We think we are so smart, don’t we? We think we know a better way. The economy of God’s Kingdom is so different from the economy of this world. This world knows little of Grace. Success comes through hard work, efficient use of time, human initiative, and the survival of the fittest. Take that into the spiritual realm and systems crash. The old Gospel hymn expresses it with precision: “My hope is built on nothing less than Jesus’ blood and righteousness!”

Warning Three: What counts is faith expressed through love.

Take some time today to read Hebrews 11. It begins with these words, “Now faith is being sure of what we hope for and certain of what we do not see. This is what the ancients were commended for” (Hebrews 11:1-2). Then there comes a list, all the way from Abel, son of Adam and Eve, down to the first century. The chapter concludes with these words: “These were all commended for their faith, yet none of them received what had been promised. God had planned something better for us so that only together with us would they be made perfect” (Hebrews 11:39-40).

Faith does not function in a vacuum. Faith functions in a delicate oscillation with love. That’s what Paul is getting at when he writes to the Corinthians those magnificent words of 1 Corinthians 13, what we refer to as the love chapter of the Bible. It starts out declaring, “If I speak in the tongues of men and of angels, but have not love, I am only a resounding gong or a clanging cymbal. If I have the gift of prophecy and can fathom all mysteries and all knowledge, and if I have a faith that can move mountains, but have not love, I am nothing. If I give all I possess to the poor and surrender my body to the flames, but have not love, I gain nothing” (1 Corinthians 13:1-3). Then he goes on to describe love, leading to the concluding statement of the chapter, “And now these three remain: faith, hope and love. But the greatest of these is love” (1 Corinthians 13:13).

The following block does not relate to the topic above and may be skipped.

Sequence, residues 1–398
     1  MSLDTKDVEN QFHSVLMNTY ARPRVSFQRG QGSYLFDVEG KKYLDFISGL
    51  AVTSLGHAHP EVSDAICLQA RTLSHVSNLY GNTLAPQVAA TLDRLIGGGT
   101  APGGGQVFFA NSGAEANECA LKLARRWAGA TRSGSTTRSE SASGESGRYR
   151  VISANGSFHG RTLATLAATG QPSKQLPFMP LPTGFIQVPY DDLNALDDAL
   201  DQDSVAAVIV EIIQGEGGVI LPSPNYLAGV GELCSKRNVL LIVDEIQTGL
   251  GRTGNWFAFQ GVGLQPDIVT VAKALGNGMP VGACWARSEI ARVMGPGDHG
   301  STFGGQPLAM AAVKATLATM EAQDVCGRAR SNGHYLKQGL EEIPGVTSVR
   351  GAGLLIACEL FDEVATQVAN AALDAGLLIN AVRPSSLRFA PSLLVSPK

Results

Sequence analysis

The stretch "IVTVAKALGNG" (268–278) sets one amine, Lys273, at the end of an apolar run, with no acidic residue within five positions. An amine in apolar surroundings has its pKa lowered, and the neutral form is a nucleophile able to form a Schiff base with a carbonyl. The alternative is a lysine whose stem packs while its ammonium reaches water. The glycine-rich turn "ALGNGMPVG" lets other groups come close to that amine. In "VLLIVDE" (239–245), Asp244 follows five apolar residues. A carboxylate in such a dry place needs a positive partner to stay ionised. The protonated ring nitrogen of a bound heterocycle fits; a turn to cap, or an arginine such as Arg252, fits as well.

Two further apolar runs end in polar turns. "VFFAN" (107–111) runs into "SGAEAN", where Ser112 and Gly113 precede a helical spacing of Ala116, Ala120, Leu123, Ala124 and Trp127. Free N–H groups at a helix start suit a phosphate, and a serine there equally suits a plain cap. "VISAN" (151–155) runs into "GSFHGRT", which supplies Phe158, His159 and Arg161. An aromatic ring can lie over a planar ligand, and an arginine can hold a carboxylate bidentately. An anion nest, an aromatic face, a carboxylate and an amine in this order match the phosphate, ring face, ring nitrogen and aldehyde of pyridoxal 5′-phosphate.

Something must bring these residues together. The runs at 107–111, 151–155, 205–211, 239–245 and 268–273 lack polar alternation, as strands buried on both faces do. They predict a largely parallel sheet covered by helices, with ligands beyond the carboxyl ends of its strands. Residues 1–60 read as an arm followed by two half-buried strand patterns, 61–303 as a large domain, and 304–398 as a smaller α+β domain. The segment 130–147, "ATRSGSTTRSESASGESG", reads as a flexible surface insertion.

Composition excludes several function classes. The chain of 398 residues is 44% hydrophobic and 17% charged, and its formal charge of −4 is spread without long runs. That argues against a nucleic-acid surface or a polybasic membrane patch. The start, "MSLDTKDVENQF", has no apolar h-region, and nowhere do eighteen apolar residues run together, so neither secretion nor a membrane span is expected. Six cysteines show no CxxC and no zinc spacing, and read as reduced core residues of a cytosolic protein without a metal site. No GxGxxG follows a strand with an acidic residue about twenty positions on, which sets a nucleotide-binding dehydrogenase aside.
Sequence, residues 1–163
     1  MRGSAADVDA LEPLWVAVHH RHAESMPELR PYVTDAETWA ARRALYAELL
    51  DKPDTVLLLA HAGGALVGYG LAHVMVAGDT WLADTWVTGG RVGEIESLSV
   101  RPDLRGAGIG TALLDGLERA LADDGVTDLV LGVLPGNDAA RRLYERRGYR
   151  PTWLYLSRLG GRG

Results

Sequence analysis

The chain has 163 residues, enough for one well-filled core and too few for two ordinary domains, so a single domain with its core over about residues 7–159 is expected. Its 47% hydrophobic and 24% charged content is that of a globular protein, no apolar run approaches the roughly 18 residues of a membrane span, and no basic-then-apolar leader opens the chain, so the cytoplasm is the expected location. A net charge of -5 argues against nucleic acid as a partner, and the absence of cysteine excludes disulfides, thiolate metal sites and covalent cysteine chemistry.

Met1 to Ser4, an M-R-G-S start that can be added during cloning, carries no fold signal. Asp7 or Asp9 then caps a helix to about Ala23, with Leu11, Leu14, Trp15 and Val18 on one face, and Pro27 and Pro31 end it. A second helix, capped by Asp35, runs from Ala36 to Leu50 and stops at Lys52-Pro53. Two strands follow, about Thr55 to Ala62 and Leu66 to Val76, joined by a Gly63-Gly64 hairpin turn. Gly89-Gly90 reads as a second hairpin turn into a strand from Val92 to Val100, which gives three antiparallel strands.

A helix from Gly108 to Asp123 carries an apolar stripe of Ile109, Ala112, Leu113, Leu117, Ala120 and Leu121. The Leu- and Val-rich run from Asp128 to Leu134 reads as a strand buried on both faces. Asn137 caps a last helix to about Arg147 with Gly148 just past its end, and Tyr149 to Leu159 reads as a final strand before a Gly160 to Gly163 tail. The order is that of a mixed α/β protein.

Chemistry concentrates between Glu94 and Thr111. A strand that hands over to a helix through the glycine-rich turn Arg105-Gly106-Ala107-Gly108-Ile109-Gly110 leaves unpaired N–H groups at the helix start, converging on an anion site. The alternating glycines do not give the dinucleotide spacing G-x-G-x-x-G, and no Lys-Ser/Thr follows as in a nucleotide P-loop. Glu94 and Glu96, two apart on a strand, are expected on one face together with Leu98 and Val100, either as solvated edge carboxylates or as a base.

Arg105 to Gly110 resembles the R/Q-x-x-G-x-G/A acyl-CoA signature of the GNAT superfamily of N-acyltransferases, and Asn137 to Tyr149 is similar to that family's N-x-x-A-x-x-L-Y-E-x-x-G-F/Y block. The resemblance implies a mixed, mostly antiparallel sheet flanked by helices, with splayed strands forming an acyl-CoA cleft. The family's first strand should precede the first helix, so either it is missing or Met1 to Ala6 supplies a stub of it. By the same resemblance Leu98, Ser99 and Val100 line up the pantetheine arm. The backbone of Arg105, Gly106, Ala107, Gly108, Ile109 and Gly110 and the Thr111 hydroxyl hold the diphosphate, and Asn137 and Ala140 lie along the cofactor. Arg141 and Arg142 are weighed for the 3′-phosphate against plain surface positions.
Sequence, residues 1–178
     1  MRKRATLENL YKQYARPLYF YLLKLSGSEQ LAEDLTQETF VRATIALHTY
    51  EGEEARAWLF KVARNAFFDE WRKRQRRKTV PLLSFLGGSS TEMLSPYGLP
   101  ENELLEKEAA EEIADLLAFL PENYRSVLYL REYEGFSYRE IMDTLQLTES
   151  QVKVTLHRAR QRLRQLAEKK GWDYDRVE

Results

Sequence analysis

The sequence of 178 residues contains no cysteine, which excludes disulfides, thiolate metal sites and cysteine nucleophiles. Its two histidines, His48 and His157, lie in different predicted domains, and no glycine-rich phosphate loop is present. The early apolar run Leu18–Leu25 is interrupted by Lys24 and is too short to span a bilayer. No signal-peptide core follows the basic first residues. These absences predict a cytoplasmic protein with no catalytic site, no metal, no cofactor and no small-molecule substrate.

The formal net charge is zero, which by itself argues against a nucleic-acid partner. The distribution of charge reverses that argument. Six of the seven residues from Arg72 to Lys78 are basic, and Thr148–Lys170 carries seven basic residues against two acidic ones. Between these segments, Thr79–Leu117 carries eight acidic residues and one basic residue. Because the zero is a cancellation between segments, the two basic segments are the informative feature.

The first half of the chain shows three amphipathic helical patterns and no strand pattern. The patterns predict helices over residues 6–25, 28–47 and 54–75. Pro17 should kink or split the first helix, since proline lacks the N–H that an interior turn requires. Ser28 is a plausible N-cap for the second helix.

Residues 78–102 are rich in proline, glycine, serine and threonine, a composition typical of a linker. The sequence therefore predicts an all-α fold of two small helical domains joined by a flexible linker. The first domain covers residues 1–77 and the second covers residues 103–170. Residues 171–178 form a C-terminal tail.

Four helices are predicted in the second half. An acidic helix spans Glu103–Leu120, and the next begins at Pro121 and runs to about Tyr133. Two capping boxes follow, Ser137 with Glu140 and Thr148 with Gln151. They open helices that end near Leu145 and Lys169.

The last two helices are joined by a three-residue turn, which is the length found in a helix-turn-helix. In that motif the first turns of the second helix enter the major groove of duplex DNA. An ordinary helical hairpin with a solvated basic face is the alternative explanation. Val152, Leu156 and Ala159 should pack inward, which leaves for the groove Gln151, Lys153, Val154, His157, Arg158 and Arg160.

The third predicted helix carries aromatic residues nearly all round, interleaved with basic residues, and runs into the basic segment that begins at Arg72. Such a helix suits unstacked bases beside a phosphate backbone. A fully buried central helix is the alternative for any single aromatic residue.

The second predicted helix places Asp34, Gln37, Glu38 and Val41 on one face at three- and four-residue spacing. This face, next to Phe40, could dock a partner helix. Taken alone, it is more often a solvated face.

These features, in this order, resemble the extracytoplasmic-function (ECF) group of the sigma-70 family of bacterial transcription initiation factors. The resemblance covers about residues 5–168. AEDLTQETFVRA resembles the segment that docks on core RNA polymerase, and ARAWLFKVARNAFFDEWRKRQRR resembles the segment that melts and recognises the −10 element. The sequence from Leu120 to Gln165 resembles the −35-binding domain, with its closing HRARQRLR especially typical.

Someone who has been listening carefully to this series in Galatians raised a serious question. Perhaps in some form it is one you, too, have raised. Up until now, she had thought that salvation came from obeying the Ten Commandments and the other teachings of the Bible. If this is not the case, why should she not simply go out and commit adultery? What would be wrong with that? What her question uncovers for us is the fact that some of us are Christians out of fear. The fear of hell. We are afraid of stepping across a line that violates the law of God, and, as a result, being crushed by God for stepping across that line. The fact is, all of us have already stepped across that line. We have crushed ourselves by violating the law of God. This is where Grace comes in. We are to trust in Jesus Christ alone for salvation, and our faith is to be one that ultimately is evidenced by a personal, loving relationship with God. We do not avoid adultery to earn God’s favor. We do not avoid robbing banks to keep from going to hell. We do not avoid lying for fear of divine condemnation. No, a loving, faithful relationship with God helps us trust Him to tell us the smart way to live. We believe in Him as a loving parent who knows what is best for us, his sons, his daughters, and He helps us to love other people the way He loves us. And He helps us to love ourselves the way He loves us.